New Jersey has passed new legislation to help set up offshore wind farms in its waters. The Offshore Wind Economic Development Act will set up a program to provide a guaranteed income for companies that build offshore wind farms in the state.
State utilities would be required to buy a proportion of power from offshore wind projects to meet their state renewable energy targets, under an energy certificates program run by the Board of Public Utilities. The new law also provides $100 million in tax credits to help offshore wind energy developers.
New Jersey is hoping to support at lease 1,100 megawatts of offshore wind capacity through the measures, with hopes of 3,000MW being developed by 2020.
Assemblyman Upendra Chivukula, one of the sponsors of the legislation, said: “Offshore wind is a key part of the future, and we need to make sure New Jersey is well-positioned to benefit from this emerging technology and the economic growth it will bring.”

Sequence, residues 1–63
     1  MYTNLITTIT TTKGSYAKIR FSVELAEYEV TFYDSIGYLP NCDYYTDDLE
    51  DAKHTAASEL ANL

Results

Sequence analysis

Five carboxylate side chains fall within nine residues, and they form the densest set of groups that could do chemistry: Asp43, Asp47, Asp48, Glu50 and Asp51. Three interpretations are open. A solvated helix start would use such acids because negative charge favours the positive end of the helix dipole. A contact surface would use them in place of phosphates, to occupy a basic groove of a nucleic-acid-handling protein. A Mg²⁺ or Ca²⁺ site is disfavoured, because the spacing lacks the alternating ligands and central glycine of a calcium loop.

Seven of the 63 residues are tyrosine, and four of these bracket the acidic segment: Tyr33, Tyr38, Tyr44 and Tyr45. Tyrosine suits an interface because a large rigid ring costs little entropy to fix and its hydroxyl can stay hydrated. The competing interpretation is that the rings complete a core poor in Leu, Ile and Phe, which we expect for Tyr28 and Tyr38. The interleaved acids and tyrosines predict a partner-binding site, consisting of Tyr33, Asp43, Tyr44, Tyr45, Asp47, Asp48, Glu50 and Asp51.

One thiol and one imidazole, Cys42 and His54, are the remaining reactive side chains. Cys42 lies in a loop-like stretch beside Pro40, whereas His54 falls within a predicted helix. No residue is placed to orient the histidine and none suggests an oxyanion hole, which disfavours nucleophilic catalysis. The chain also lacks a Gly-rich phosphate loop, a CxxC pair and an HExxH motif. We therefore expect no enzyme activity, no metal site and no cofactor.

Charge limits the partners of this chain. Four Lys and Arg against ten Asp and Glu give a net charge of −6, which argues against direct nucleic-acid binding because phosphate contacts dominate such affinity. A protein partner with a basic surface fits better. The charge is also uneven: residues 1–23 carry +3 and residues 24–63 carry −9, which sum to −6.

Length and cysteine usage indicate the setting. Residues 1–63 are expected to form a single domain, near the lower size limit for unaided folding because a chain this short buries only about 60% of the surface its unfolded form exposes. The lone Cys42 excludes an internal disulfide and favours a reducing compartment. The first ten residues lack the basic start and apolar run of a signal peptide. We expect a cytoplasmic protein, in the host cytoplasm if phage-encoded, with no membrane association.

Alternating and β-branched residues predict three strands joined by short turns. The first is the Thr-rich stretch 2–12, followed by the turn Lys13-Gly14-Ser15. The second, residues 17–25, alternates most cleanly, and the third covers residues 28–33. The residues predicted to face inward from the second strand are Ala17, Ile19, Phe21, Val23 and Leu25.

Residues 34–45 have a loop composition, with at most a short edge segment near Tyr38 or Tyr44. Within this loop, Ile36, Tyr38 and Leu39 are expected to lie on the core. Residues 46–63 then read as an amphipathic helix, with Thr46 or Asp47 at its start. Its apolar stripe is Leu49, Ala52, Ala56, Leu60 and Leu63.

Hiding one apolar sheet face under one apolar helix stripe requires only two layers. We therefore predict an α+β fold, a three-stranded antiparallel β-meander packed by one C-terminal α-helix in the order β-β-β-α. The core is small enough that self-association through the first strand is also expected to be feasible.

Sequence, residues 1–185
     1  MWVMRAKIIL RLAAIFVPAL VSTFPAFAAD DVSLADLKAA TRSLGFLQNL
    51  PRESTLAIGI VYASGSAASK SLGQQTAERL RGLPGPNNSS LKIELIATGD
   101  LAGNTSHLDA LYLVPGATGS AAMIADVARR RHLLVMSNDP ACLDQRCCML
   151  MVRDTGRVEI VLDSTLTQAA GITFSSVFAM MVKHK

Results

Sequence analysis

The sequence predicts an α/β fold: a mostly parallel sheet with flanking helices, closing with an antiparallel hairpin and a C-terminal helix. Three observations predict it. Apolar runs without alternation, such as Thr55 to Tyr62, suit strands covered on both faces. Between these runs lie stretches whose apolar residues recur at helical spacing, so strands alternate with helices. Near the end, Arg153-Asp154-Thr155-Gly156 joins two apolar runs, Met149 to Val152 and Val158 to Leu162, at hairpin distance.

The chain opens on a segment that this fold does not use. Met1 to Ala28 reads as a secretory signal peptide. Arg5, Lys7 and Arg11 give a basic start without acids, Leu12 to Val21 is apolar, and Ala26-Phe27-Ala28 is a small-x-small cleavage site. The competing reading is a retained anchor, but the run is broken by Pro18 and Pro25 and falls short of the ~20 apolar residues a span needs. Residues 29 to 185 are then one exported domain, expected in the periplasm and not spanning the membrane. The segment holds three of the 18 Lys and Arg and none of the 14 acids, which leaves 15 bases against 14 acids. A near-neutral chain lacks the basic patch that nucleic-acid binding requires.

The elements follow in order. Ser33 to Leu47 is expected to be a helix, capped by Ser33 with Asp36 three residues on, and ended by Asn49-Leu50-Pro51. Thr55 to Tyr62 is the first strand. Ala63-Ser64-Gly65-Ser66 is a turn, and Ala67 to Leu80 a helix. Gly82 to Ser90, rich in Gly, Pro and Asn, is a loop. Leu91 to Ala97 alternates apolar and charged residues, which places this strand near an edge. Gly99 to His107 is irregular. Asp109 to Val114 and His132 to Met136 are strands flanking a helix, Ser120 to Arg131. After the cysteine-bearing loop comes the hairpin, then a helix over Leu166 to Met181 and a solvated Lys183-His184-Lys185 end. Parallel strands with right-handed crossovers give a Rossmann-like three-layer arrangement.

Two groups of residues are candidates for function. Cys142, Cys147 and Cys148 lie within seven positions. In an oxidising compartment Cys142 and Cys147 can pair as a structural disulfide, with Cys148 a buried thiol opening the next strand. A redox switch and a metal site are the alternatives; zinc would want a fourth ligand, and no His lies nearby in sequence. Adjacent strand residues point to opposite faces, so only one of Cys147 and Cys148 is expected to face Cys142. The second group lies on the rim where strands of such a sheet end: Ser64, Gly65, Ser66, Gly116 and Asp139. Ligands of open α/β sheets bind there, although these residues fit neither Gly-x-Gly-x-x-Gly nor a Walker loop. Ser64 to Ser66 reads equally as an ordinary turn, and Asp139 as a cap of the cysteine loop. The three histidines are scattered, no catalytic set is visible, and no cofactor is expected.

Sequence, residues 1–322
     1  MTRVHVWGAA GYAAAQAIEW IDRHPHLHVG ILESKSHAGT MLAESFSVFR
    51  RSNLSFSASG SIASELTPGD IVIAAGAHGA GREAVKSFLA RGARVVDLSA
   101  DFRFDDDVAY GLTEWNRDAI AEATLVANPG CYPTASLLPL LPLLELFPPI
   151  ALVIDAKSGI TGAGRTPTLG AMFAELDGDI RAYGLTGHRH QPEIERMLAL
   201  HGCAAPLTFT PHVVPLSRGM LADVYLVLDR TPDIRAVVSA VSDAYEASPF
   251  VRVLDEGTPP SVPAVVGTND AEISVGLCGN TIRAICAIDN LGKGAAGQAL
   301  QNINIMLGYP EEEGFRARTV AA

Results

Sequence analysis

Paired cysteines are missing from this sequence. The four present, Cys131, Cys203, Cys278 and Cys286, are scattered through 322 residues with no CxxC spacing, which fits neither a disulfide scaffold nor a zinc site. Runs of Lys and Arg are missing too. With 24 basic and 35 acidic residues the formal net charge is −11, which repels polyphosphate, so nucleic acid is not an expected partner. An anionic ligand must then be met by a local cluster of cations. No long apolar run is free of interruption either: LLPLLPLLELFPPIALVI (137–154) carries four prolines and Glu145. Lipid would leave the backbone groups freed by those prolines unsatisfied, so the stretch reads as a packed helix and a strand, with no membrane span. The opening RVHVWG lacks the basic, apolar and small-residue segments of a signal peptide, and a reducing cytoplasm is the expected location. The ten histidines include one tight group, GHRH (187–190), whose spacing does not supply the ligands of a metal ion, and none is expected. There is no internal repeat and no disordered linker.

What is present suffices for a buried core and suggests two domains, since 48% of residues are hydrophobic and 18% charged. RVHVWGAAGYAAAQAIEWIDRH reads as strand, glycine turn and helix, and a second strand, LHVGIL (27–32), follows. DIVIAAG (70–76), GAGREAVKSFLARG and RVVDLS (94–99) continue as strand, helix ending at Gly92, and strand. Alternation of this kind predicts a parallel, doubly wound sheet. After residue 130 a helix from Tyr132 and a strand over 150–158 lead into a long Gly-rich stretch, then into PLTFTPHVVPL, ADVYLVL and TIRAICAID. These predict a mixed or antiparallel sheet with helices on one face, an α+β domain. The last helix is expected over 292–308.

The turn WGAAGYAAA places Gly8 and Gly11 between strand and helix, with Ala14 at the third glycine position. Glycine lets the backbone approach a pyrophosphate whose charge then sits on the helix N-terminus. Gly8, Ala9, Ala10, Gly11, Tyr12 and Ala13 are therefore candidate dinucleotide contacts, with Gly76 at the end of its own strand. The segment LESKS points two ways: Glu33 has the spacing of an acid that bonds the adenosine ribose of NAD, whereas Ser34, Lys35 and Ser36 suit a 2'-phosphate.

New Jersey is one of 10 East Coast states that have pledged to assist the development of offshore wind in the Atlantic. Garden State Offshore Energy, one of the frontrunners to build the state’s first offshore wind project, said the Bill was an “important piece of legislation”, signaling the state’s commitment to the industry.
Rob Gibbs, vice president of the joint venture between offshore wind firm Deepwater Wind and the utility PSEG Global, said: “This legislation sets a clear path for offshore wind projects like the one proposed by Garden State Offshore Energy, but only if projects can demonstrate positive benefits to the state and its citizens.
“We believe a vibrant offshore wind industry can create thousands of good-paying, green jobs, boost the economy and help the state meet its renewable energy goals. This is an important step forward towards reaching these goals,” added Mr Gibbs.
Garden State is proposing a 350-megawatt wind farm some 16 miles off the South Jersey shore, using deepwater turbines.